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2219, 26 Oct 18

Liberals are Cautiously Optimistic in Wisconsin

Let’s get out there and vote.

Most describe a mood of cautious optimism. Democrats in Wisconsin maintain a tight but narrow lead in the governor’s race, seem to be runningaway with the Senate race, and even feel they have an outside shot at the seat of the outgoing House speaker, Paul Ryan, in which Racine sits. Things look good. But they have been here before.

Most progressives here have a story of waking up the morning after election day two years ago to find Wisconsin had not only voted Republican for the first time in more than 30 years – it had voted for Donald Trump. For many it changed what they felt about the state they had lived in all their lives. “I remember being in public spaces and looking around and thinking, ‘Which of these white people voted for that crazy person who hates everything that I am?’” said Cruz.

To understand the source of their caution one has to go back further. Eight years ago, in the wake of the financial crisis, Walker was elected governor and almost immediately sought to end collective bargaining rights for public sector unions and cut local government workers’ health benefits and pension entitlements in order to balance the budget. “Wisconsin was a testing ground for some extreme Republican policies,” explained Forrest. “Organisations like Alec [a rightwing lobbying group] and people like the Koch brothers wanted to use Wisconsin to see how far they could go.”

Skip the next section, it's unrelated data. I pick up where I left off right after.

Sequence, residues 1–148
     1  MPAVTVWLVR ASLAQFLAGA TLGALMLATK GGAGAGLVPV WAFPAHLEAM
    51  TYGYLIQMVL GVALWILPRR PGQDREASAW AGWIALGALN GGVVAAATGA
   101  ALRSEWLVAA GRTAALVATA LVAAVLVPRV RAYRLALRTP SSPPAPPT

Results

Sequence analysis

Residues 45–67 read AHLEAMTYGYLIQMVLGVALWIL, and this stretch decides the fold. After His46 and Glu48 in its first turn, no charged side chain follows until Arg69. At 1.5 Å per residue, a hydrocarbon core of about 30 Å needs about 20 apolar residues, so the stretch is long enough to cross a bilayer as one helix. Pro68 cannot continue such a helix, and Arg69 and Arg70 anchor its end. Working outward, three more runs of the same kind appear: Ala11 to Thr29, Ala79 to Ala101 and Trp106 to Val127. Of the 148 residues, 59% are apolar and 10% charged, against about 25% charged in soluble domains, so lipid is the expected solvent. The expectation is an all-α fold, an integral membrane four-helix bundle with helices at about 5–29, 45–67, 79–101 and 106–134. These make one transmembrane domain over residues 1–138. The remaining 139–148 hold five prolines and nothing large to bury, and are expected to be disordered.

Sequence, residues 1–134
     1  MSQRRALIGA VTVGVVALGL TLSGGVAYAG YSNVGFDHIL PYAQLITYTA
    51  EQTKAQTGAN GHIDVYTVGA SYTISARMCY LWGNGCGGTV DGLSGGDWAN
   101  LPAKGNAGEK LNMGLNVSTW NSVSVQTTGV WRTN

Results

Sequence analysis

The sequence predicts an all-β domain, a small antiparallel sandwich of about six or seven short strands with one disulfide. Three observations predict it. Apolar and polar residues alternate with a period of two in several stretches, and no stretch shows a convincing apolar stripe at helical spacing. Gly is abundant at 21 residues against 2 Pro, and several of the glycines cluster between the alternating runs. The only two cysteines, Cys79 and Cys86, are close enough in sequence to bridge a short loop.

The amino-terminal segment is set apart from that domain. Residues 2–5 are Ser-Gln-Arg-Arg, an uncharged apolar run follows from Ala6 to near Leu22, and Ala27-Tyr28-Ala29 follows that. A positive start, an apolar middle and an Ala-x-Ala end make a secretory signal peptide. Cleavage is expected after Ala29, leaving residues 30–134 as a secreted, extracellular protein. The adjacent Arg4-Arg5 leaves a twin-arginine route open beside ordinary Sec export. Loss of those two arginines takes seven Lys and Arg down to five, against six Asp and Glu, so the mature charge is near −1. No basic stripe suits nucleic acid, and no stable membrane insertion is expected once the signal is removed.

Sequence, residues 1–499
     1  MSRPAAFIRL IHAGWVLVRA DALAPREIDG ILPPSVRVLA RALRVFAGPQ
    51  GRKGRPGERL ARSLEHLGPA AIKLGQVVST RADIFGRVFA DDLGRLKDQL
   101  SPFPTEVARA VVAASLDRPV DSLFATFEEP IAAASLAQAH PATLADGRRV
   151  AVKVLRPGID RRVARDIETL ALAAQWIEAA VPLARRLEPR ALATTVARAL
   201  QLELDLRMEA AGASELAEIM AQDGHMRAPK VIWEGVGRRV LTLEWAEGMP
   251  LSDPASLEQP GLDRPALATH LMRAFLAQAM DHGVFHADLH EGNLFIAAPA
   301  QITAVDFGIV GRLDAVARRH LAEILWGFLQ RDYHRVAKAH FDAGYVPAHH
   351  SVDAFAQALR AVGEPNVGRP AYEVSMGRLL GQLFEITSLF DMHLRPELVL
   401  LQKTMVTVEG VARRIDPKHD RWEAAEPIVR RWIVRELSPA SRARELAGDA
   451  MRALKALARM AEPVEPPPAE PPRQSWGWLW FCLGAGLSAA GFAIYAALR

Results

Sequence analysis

The energy from the Madison protests was poured into an effort to recallWalker – a provision some states have for effectively demanding a revote. But Walker not only beat off the recall, he was returned with a larger majority and then re-elected in 2014. Then came Trump’s victory in 2016.

So the caution arises not simply from not winning, but having felt the camaraderie of mass protest only to be followed by electoral defeat: it’s not just the depths to which things have fallen but the heights from which the mood fell. So in Wisconsin particularly, when they see four of the five of the largest marches in American history take place in the last two years and sense increased enthusiasm they don’t assume that this will translate into a blue wave. They’re not jaded. But they are reflective.


2219, 26 October 2018

1 Comment

  1. Kevin Scheunemann

    I don’t like it when people are cheerful about awful liberal world views. It’s like being optimistic about puppy torture.

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